Since my birthday a few months ago, I’ve done a few rather risky activities during a pandemic. I have:
- toured the reconstruction of the Notre Dame Cathedral
- biked through a small Norwegian town
- watched a movie in a cavernous theater
- taken up boxing and fishing (though not concurrently)
- played a few rounds of golf
- been routinely encouraged by my personal trainer to get fit
But I’ve rarely left my home.
I “accomplished” those feats through the Oculus Quest, the Facebook-owned virtual reality headset I received for my birthday. And I can attest to enjoying the diversions the device affords me. I’m not the only one. When lockdown orders first went into effect in the US in March, the Quest, along with gaming systems like the Nintendo Switch, were extremely hard to find. Even now, CNET describes the Quest as “chronically out of stock.”
The Wall Street Journal, in considering how COVID has reshaped our time online, names gaming as the top “media winner,” noting that “during the shelter-in-place months, time spent on gaming increased by 39% over 2019, with 18-to-24 year olds leading the growth. Post-virus, a sustained 14% increase over last year (or 21% for younger demographics) is forecast, which will far outstrip the gains of any other form of media.”
Pre-COVID, the global video game market size was already estimated to be $151 billion.
And with our inability to host large-scale, in-person sporting events, esports have taken off.
Simply put, gaming is enormously popular, and stay-at-home orders have likely only augmented its appeal and continued growth.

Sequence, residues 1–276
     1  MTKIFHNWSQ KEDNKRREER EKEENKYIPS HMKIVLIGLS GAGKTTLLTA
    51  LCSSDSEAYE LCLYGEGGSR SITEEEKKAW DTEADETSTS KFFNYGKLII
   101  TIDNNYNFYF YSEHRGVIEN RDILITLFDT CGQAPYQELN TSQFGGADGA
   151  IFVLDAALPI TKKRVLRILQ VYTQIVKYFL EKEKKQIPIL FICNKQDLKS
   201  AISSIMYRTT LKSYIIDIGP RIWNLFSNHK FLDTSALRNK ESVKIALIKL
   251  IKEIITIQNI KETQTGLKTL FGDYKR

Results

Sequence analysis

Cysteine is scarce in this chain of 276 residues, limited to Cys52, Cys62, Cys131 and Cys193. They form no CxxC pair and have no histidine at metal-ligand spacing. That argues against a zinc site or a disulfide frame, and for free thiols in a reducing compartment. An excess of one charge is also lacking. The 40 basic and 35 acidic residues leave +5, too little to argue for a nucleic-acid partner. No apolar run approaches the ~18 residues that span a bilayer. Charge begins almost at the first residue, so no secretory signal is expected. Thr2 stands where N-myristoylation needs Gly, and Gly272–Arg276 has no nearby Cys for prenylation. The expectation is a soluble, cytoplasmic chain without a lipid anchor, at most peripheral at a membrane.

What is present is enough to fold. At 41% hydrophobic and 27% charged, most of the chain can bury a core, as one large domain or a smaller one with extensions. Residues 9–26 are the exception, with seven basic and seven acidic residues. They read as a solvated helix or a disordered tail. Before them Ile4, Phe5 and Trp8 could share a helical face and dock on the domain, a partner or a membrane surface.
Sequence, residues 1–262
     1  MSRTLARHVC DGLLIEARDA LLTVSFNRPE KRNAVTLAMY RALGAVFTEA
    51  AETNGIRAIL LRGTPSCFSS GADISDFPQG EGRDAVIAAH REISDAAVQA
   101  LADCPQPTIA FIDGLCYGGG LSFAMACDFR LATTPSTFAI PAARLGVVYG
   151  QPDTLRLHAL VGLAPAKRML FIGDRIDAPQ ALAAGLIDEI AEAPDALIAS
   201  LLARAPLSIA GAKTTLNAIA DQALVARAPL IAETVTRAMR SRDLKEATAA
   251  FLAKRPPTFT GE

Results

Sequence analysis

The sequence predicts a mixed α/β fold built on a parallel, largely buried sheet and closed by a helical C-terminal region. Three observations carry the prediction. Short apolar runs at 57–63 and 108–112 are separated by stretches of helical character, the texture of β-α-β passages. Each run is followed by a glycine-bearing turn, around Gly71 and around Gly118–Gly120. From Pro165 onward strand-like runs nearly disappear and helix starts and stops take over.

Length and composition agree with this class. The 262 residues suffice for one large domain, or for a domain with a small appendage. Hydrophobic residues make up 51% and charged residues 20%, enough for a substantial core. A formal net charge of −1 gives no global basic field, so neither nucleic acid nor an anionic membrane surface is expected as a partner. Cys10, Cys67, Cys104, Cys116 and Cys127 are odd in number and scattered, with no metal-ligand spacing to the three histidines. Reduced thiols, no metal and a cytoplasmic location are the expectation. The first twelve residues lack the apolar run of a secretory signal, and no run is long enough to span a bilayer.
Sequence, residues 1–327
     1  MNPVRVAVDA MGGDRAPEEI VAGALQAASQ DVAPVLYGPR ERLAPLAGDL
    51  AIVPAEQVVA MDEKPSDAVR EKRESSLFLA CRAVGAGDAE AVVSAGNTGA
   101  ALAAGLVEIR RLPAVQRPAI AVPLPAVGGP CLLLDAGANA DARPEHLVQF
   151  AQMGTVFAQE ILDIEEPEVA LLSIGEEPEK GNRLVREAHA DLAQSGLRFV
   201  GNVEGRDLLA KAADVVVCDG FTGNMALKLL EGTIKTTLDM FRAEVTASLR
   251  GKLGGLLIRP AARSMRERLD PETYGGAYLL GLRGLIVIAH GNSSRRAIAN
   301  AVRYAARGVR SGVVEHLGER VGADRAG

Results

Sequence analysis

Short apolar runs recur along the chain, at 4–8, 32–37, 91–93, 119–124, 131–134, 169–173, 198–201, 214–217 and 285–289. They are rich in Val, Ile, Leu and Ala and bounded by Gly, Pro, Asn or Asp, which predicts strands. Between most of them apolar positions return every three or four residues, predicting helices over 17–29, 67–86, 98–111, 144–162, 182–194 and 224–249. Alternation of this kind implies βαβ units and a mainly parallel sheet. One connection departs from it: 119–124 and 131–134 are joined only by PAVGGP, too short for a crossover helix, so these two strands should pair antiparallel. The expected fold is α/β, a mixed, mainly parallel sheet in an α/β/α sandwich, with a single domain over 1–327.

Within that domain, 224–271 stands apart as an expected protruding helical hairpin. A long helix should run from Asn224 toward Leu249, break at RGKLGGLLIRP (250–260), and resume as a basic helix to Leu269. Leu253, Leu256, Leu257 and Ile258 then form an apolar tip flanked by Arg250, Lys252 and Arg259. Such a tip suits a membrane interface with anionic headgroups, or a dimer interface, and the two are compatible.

Why is gaming so popular?
Reasons for the growth of gaming are legion. From my perspective, I imagine these have played a large part:
- Because a certain generation grew up on games. (Mario was one of my earliest babysitters.)
- Because parenting, especially during this pandemic, is hard and handing over an iPad is easy. (Guilty as charged.)
- Because we’re trapped indoors and still want to escape. (That Norwegian town was a welcome respite from summer in Dallas, Texas.)
- Because the dopamine kick you receive from completing a mission in a game necessarily makes you want to keep playing that game. (The same principle holds true in social media app design.)
Those are all legitimate reasons, and I’m sure there are more.
As a Christian, I try to do my best to see my actions through a biblical prism. In other words, why do I do what I do? And is what I’m doing pleasing to God and thus beneficial to my life?
Even as old as the Bible is, I believe God still uses it to speak truth today—even on something as contemporary as virtual reality video games.
So the question becomes: Why do I gravitate to these VR games, or to games in general?
Because I’m still searching for the same power humans sought in the garden of Eden: control.
One surprising reason games are popular
Consider what games often allow us to do:
- Act as a god of a virtual universe (and this isn’t limited to the genre of “god games”).
- Command your avatar to do your bidding.
- Order your world such that you succeed.
When the world is out of control, I reach for my controllers because I want what I’ll never truly have.
Now, this isn’t a call to stop playing games.
I will still work out in VR. I will still face down Darth Vader (who’s very imposing in VR). I will still enjoy a virtual round of golf.
But every time I place that headset on, I will remember that I can’t control my life the same way I control these virtual spaces.
In a season where I long for control more than ever before, this recognition of my inability to control much of anything leads me, surprisingly, to a place of trust—because I believe that the Designer of the game of life is good and loving.
And that may be the most daring activity anyone can do during this pandemic: trusting that God, who controls everything, is, in fact, both good and loving.